Everything You Need to Know About the Father-Daughter Dance Tradition

Bride dancing with her father during the father-daughter dance at her wedding

Photo by Forged in the North

Ah, the father-daughter dance. It's that moment during the celebration when the bride honors their father, and it represents the gratitude they have for their father's love as they enter a new phase of life. At best, this dance can provide a sweet moment of family connection; at worst, it can feel a little antiquated. Either way, it's a staple at many, if not most, weddings. The father-daughter dance (similar to the mother-son dance, which usually follows) is a way to shine a spotlight on the person who helped guide the newlywed through life.

As you consider integrating the tradition into your wedding, questions will likely arise, such as: When does the father-daughter dance take place? How long should it last? What song should we choose? Where did the tradition come from, anyway? Well, we have answers to all those questions and more. We spoke to Alicia Mae, owner and lead wedding planner of ILÉ Events, about everything pertaining to the father-daughter dance.

Meet the Expert

Alicia Mae is a New Jersey-based wedding planner and the CEO of ILÉ Events.

Read on to learn everything you need to know about the father-daughter dance tradition.

The History and Meaning of the Father-Daughter Dance

As many wedding traditions do, the father-daughter dance stems from our patriarchal history. Back when most marriages were arranged and social, political, and monetary alliances were what led to unions rather than love, the father-daughter dance served as a sort of final demand by the bride's father before their husband became the most important man in their life. After this dance, the bride would be able to dance with their new spouse, whom they had likely only met recently.

Nowadays, the father-daughter dance doesn't carry the same meaning and seldom comes first, at least in American wedding culture. "Initially, in the previous era, the father would have the first dance with his daughter and then 'give her away' to her husband," Mae explains. "As culture evolved, many couples opted for the first dance to be theirs. Now, you will find the father-daughter dance taking place right after the newlywed's first dance."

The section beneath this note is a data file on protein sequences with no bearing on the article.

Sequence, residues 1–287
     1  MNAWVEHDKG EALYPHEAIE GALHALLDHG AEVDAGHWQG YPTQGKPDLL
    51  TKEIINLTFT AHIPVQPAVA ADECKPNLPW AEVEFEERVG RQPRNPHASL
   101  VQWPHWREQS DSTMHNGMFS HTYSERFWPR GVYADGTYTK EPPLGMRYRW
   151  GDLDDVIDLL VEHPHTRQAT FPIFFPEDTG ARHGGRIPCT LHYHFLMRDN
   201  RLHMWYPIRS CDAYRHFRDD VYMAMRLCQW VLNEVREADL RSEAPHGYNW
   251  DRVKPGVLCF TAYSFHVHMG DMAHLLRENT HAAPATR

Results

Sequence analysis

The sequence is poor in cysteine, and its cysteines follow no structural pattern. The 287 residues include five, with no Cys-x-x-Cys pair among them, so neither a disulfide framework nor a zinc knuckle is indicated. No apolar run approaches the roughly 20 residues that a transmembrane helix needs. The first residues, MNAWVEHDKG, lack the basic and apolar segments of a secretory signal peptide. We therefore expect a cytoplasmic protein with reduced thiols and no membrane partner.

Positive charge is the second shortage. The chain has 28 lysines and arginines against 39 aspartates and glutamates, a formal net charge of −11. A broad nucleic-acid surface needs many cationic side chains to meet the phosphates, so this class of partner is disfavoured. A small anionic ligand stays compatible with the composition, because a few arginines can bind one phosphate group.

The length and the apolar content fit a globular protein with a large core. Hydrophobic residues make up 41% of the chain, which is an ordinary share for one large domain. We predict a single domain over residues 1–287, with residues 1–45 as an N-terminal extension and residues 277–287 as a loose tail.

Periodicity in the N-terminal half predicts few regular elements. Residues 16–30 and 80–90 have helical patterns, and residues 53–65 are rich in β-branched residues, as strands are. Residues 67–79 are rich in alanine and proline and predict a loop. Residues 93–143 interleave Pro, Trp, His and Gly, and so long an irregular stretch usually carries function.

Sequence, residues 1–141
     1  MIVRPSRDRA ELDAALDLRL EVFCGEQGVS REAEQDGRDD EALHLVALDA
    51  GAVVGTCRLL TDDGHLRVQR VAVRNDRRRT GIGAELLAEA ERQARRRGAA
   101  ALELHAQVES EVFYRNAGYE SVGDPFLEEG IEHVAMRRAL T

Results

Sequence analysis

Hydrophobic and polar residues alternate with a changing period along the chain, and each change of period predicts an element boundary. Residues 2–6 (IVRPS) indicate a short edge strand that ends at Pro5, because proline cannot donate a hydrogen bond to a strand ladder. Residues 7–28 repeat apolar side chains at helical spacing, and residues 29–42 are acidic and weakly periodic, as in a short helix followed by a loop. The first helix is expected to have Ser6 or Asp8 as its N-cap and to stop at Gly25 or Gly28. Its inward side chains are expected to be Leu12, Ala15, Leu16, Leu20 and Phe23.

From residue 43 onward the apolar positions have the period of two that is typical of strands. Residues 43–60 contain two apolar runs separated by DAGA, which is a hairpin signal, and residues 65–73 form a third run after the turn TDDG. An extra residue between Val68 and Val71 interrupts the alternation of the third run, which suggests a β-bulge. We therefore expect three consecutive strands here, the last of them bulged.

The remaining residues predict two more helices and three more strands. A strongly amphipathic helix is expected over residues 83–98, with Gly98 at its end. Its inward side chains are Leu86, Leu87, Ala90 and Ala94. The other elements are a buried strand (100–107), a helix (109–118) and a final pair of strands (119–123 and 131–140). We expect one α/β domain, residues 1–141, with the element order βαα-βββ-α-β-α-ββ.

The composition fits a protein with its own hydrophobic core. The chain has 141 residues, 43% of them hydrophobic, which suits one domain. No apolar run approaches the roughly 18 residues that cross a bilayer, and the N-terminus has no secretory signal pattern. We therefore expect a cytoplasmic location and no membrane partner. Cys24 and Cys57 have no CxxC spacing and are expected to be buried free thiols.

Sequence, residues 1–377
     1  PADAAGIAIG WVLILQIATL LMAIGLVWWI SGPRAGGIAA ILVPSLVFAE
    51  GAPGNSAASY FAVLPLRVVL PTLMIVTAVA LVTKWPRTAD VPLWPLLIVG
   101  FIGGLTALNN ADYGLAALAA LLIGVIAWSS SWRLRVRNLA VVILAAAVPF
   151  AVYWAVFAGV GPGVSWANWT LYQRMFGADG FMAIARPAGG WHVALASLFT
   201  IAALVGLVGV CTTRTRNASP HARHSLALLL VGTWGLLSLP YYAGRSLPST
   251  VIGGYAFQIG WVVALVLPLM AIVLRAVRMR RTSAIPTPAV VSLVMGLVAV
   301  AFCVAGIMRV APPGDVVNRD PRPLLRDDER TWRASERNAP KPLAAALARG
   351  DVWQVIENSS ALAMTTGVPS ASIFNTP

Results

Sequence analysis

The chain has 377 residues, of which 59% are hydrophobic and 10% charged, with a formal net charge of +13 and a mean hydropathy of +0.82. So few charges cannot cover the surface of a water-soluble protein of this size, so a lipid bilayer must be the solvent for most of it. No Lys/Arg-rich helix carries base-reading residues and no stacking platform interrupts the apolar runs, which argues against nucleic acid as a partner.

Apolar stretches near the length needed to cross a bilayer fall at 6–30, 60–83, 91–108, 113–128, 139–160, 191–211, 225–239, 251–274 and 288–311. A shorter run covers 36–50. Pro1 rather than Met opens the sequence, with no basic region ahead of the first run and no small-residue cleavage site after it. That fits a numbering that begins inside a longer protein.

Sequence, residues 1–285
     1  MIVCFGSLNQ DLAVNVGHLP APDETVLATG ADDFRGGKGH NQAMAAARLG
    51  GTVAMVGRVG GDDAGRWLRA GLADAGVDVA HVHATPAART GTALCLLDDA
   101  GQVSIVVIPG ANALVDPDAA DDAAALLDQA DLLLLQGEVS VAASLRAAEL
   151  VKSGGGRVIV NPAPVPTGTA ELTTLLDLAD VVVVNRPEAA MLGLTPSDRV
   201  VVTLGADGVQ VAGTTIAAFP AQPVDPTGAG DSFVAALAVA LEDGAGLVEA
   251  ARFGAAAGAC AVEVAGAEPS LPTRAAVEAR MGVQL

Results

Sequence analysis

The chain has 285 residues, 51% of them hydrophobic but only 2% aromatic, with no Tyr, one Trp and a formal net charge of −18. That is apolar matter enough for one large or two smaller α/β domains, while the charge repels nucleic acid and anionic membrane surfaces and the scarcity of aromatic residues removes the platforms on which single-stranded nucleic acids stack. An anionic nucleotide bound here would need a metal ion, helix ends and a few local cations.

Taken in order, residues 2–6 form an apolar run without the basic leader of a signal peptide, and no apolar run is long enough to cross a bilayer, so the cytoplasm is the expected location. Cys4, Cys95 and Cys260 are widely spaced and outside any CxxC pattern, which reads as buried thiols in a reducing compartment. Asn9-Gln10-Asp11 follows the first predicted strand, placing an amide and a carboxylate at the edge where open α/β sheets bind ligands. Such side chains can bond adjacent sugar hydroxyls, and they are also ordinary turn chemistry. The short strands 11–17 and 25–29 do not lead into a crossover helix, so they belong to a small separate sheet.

Since love is the primary driver for marriage these days, most traditions rooted in gender inequality have been reclaimed as special moments between two people who deeply care for one another. The father-daughter dance is regarded as a beautiful moment between a bride and their father and symbolizes their appreciation for the love and guidance they received throughout their life.

Father-Daughter Dance FAQs

When should we have the father-daughter dance?

Most brides have the father-daughter dance right after their first dance with their spouse. If you don't want to have it after the first dance, other good times to squeeze it in are following the toasts and before the cake cutting.

What song should we dance to?

You can talk to your father about what song they would like to dance to, but ultimately, it's up to you. "Some brides choose a heartfelt song that leaves the crowd in tears while other brides option for a song that brings laughter as Dad boogies," Mae says. Whether fast or slow, it should be something that speaks to your relationship. Thankfully, there are a bunch to choose from.

Should we choreograph the dance?

If you're dancing to a more upbeat song, it's not a bad idea. If you're sticking to a traditional slow dance, it might not be necessary, and you can just opt for a couple of dance lessons instead.

Can I also include my stepparents?

Of course! You can always switch partners and songs midway through. If you have a few people you'd like to honor, they can take turns cutting in to share the dance.

Raised by two fathers? Pick two songs, shorten them to about two minutes each, and dedicate a special dance to each of your dads, one after the other.

How long should the dance last?

A lot of the time, the dance will last as long as the song does, granted it falls in the three-to-four minute range. Some people recommend, however, playing a shortened version rather than the full one, since guests' attention spans tend to wane.

Tradition Alternatives

Wedding traditions are not one-size-fits-all and should not be treated as such. There are many ways brides can go about making the father-daughter dance their own. First, it's important to acknowledge that some brides might not have a relationship with their father or, sadly, may no longer have them in their lives. In this case, one might choose to dance with their mother, another family member, or someone else who played an important role in their life growing up.

Mae says that she's seen many creative ways in which couples modernize traditions, which helps to put a unique spin on a wedding. "One of my favorite experiences was watching the newlyweds have their first dance while the bride and groom's parents dance alongside them," Mae recalls. "It was an extended first dance that exemplified the love between each family. Later in the song, other married couples joined in on the fun. This unique twist presented the feeling of family and unity, compared to the old tradition," she says. "Instead of a father giving his daughter away, the two families became one."

As always, whether you stay classic, remix the tradition, or forego it altogether, the choice is yours. "Individually and collectively, the message or traditions you want to begin as a couple rely entirely on you," Mae says. "Starting and sticking to that truth will help you pick what is most valuable to you while wedding planning." 

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